throughout the past 265 million years is due to their fortitude. Most crocodilians exist in areas of thermal constancy. The American alligator is noteworthy in its tolerance to temperature variability (Brandt and Mazzotti 1990). Alligators can survive temperatures as low as 4 C, with an optimal range of 32-35 C. This is an unusually wide range for a poikilotherm (Ross 1989). Their behavioral methods of thermoregulation allow them to survive at extreme temperatures. In extreme low temperatures, alligators remain in their dens in a state of decreased activity. They will move from their dens only to bask in periods of warmth. In the den, they demonstrate an "icing" behavior in which the tip of the snout is extended from the surface of the water while the rest of the body is submerged at a 30° angle (Hagan et al. 1983). In this way, the alligator can position its body in deeper, warmer water (Brandt and Mazzotti 1990). In extreme high temperatures, an individual will move between a warmer basking area and a cooler shaded or submerged position (Ricciuti 1972). The amount of blood flowing through the systemic blood circuit is increased by a characteristic shunt from the right aortic arch into the left. This causes an increase in the systemic blood pressure, allowing the alligator to rapidly increase its body temperature (Pough 1998). During periods of high temperature, energy expenditure can triple its value at a lower temperature. However, there is a ceiling on the potential increase in mobility which may serve to stabilize the level of activity throughout the seasons (Emshwiller and Gleeson 1997). The alligator's reproductive success is also dependent on its diet (Delany and Abercrombie 1986). Food items are selected in relation to habitat occupied, prey species encountered, prey vulnerability, prey size suitability, and alligator size (Delany and Abercrombie 1986). In addition, alligators can survive for several months between meals in times of low temperatures and general inactivity (McIlhenny 1935). When suitable prey items are not available, alligators may fast or take advantage of a more abundant prey item. The list of prey items, which an alligator will consume, includes insects, crustaceans, snails, fish, and other vertebrates (Delany 1990). The list of potential prey items also includes medium- to large-sized mammals. It has been suggested that alligators have been a significant predator of white-tailed deer throughout their evolution in the Florida Keys (Shoop and Ruckdeschel 1990). Cannibalism has also been reported (Chabreck et al. 1996). It is this dietary plasticity that allows them to persist in variable environments. The American alligator apparently has little trouble adjusting to the available resources of urban environments.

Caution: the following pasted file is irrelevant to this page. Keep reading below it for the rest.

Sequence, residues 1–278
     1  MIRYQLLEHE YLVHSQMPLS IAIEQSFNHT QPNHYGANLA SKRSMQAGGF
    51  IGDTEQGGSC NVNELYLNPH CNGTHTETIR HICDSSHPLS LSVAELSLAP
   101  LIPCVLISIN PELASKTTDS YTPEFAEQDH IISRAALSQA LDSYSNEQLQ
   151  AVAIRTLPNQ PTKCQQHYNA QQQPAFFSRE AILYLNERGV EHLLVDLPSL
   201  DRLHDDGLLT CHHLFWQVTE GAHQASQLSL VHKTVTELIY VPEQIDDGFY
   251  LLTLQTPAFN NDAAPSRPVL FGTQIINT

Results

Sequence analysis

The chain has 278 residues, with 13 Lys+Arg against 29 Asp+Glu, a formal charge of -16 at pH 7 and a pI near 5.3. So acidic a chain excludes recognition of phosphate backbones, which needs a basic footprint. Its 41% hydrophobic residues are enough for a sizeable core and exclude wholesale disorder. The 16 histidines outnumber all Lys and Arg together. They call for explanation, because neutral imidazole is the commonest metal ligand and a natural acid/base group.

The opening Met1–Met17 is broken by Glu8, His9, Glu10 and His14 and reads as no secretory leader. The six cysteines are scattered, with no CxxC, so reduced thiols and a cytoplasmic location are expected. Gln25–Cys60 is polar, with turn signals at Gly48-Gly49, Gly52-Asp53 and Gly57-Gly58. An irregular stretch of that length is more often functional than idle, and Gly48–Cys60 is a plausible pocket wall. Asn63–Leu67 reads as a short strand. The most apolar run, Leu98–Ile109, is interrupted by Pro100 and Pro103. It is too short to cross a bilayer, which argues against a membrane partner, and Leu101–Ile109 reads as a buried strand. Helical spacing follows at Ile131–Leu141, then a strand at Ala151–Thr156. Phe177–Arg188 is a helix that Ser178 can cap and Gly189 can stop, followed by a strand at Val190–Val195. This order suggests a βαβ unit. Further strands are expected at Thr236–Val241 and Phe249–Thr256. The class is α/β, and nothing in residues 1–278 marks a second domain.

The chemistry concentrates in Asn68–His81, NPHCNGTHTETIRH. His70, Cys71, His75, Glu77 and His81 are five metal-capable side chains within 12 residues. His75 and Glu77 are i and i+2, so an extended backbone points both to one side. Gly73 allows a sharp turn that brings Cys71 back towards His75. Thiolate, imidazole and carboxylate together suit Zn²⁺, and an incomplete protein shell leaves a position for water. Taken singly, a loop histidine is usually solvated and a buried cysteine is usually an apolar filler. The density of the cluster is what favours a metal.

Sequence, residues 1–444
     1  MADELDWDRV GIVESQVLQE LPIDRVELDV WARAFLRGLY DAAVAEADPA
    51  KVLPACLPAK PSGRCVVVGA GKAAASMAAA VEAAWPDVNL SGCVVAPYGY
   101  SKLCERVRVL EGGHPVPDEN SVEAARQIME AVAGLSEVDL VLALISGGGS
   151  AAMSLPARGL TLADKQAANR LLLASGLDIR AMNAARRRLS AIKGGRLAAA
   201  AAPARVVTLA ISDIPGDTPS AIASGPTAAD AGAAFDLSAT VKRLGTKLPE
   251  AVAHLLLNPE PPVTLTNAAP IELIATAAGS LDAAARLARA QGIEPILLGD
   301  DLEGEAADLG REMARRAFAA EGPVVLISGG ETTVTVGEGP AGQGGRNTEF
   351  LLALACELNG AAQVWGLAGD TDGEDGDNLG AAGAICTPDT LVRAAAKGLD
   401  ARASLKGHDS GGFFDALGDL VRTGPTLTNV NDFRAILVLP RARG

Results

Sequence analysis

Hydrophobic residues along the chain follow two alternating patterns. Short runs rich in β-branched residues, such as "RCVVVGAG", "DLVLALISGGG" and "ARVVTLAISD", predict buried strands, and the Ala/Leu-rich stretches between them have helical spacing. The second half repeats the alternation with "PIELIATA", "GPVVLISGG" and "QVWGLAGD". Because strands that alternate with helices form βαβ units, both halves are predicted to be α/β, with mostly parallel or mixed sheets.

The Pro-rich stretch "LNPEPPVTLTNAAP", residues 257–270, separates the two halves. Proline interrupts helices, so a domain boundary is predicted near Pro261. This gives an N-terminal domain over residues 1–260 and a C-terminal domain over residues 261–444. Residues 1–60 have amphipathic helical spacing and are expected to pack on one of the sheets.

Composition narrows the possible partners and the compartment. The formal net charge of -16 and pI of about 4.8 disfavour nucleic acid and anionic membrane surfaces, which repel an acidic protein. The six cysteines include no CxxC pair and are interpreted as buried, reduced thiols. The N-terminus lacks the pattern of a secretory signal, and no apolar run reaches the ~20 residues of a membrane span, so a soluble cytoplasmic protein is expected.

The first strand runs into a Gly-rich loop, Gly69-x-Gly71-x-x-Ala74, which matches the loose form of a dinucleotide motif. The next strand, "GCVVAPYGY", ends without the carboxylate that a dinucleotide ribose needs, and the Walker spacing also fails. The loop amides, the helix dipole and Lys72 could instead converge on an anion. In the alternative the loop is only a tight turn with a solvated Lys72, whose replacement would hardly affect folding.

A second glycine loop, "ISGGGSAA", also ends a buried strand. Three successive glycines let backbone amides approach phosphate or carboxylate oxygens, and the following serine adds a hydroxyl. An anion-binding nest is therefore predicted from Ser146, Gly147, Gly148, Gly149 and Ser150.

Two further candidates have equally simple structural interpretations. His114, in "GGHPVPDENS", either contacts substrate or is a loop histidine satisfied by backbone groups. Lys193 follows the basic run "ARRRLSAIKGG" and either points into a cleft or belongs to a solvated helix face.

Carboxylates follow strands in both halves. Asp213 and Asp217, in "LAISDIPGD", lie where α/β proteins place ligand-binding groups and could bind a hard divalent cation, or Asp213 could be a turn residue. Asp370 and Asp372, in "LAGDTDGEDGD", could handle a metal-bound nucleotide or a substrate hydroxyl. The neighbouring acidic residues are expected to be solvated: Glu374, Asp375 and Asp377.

Prior to the Ice Age, the American alligator enjoyed a range that covered the majority of North America (Ross 1989). Presently, the range of the alligator is restricted to the Southeastern United States, ranging from the southern tip of Florida to the lower section of Oklahoma. Their northernmost perimeter is defined by temperature. Alligators are only found south of the -9.4 C isotherm (Alderton 1998). In Florida, they share territory with at least 2 other crocodilian species. The American crocodile (Crocodylus acutus) occurs in the estuarine swamps of South Florida (Gaby et al. 1985). The common caiman (Caiman crocodilus) has been sighted as far north as Lake Jessup, Seminole County, Florida (Ellis 1979). In 1973, the federal Endangered Species Act provided protection to all crocodiles and alligators in the United States. At present, C. acutus remains on Appendix I of the Endangered Species Act, giving it a status of extreme concern. Alligator mississippiensis and C. crocodilus are listed on Appendix II, meaning they are of lesser concern but still merit protection due to human exploitation and their resemblance to C. acutus (Ross 1989). The wildlife and fisheries commissions of several states have established a policy for handling alligators that may endanger the citizens of the area. The presence of these nuisance alligators is brought to the attention of the state's wildlife, fisheries, and parks agency, through complaints by citizens. These complaints are verified by state personnel before the removal of an alligator is approved. In Mississippi, an alligator under 1.8-2.1m is not generally considered a threat unless it has demonstrated aggressive behaviors. Aggressive behaviors include preying on pets or livestock and demonstrating feeding behaviors in the presence of humans. If a conservation officer declares an alligator to be a nuisance because of its size or behavior, the alligator will be relocated or killed. If the conservation officer decides that the complaint does not warrant removal of the creature, a hunter will not be called. The alligator is considered the property of the state. No legal removal of the animal will occur if the request is denied by the conservation officer. The Mississippi alligator program will not relocate an alligator over 2.1m. These animals will be killed. Mississippi policy adds that alligators above 2.75m should be killed on-site (MWFP 1999). The selection of hunters by the Louisiana Fur and Refuge Division is determined by the experience and past record of the applicant. Prior convictions involving illegal harvest of fish and wildlife within the last 3 years can result in rejection of an application for a nuisance hunter's license. In Louisiana, these licenses are not distributed to persons already in possession of a fur dealer's license, fur buyer's